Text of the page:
From the mid 70s, when he first got the first adidas t-shirts, to these days, as a curator of adidas’ Spezial range, Gary Aspden is, most of all, a fan of the brand. One of the pioneers of the whole collaboration concept as we know it, along with Kazuki Kuraishi and Bape, Gary Aspden is a brand expert, and a real authority when it comes to all things adidas. We had the opportunity to talk with Gary about adidas, the ‘Sole Searching in South America’ documentary and much more. Read below.
Can you please introduce yourself?
„Gary Aspden, curator of the adidas Spezial range.“
How did it all start? Your connection with adidas?
„It began in the mid 1970s when my mum would buy me and my brother adidas tee shirts from the mail order catalogue. In the late 70s my first branded football boots were Beckenbauer Super and my first branded trainers were adidas Kick. In 1978 on holiday me and my brother got an adidas Tango football. I got a full adidas Nottingham Forest after they won the European Cup (Blackburn were my team but we all loved Brian Clough in our house). I guess that laid the foundations for the 1980s when I would get my own taste and choose my own clothes. Everyone where I grew up in the north west loved adidas – in fact, they still do…“
How would you define your relationship with adidas (emotional wise)?
„adidas was certainly an intrinsic part of everything I loved as a youth – football, hip hop, acid house … I went to college to do a degree just before I turned 25 and after graduating my first job was with adidas. I have been there in differing capacities for 17 years and it has given me a great career. Whilst it was important for me to get an education I believe what I do is informed by my experiences much more than my academic qualifications.“
Just how do you explain the very special connection that English fans and even more those from the Northern part of England have with the brand?
„Hard to explain really …. Great designs by adidas, the popularity of football in that part of the world, a need to assert an identity that was distinct, the adoption and subversion of clothing and brands – you could write a book on it (a few have done). Taking sports products and wearing them for day to day life … Taking bourgeois designer brands and styling them with crew cuts and frayed jeans … I liked the fact that people couldn’t pretend back then. You were either they’re doing it or you weren’t.“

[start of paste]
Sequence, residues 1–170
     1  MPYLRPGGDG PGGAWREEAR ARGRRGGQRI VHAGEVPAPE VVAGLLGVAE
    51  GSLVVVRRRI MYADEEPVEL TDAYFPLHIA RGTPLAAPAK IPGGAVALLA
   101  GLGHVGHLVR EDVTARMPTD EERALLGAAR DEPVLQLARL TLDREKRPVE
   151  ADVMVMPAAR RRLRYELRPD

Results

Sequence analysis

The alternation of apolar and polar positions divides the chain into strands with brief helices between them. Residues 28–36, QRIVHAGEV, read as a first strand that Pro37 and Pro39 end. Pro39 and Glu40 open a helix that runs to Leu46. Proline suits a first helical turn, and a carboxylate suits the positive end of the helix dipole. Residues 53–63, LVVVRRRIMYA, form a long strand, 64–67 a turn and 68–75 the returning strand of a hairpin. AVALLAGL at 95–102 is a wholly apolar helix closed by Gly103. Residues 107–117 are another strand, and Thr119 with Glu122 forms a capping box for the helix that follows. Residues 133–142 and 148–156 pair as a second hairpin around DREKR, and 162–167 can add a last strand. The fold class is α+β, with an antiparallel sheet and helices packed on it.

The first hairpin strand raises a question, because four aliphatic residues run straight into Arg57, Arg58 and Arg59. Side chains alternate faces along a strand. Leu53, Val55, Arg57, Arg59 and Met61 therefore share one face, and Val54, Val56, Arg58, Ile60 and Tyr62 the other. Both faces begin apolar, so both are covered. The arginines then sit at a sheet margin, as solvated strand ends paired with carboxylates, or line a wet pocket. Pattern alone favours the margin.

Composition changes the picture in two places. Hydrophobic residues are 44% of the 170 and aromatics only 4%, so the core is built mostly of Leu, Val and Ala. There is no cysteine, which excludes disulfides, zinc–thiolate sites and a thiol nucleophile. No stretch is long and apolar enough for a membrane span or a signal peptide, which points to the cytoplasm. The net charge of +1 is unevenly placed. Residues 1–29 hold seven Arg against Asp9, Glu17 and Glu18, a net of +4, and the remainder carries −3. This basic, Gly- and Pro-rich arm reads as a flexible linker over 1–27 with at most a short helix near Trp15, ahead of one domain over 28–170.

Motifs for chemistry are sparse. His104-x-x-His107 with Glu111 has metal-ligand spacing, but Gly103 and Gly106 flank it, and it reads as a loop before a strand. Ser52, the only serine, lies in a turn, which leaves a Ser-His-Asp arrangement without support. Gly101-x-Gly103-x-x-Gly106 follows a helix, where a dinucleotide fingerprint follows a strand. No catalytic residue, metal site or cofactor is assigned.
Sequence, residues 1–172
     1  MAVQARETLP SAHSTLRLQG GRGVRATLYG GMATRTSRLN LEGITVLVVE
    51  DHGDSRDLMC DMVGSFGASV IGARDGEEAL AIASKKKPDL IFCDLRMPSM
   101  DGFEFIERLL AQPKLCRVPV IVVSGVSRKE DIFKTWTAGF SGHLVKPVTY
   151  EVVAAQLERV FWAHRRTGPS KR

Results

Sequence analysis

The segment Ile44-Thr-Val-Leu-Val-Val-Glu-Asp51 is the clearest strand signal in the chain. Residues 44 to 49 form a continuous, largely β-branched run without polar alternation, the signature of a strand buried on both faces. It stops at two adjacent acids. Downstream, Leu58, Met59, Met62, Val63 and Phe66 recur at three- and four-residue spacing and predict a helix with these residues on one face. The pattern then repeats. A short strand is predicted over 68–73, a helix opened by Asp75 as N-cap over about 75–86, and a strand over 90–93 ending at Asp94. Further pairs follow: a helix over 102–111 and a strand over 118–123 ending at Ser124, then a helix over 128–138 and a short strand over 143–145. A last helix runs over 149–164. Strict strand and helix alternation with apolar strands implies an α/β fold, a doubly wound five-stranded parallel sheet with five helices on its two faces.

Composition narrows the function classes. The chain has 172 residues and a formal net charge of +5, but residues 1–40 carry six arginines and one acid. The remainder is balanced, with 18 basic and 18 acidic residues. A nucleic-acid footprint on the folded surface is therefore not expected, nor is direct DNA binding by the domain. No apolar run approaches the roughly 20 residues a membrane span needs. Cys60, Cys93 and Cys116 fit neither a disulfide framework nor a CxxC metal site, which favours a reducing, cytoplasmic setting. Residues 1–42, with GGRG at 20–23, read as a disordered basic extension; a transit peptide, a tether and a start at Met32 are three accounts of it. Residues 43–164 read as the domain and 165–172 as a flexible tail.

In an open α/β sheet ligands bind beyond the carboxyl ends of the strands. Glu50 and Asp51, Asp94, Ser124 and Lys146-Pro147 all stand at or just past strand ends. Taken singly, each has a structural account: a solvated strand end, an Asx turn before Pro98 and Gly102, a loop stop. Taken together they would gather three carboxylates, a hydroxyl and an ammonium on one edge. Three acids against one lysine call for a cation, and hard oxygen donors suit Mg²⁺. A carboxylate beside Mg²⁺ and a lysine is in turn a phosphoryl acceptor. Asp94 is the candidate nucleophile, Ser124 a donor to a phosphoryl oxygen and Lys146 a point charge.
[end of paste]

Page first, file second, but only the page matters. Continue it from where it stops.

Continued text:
Talking about the ‚Sole Searching in South America‘ documentary – you shared about how you found out about the location, but just how was it when you arrived at Carlos’ store?
„Well we had no idea what was going to be in those blue boxes and we had convinced adidas to pay for the trip so it was mixture of nervousness and excitement. It was in many ways a gamble and I would not have wanted to go back and tell the people at HQ in Germany that after me badgering them to pay for the trip that there was nothing of any value there … Or that Carlos didn’t like us and wouldn’t have us in his shop. It turned out that he was disgruntled with adidas because someone who claimed to work for adidas had been in the shop a year or so before we arrived there. They had promised Carlos some products for his family and then hadn’t followed up. Whether this person with the false promises did work for the company we will never know but we soon rectified things with him. It’s very important to me personally that if I say I will do something that I do it.“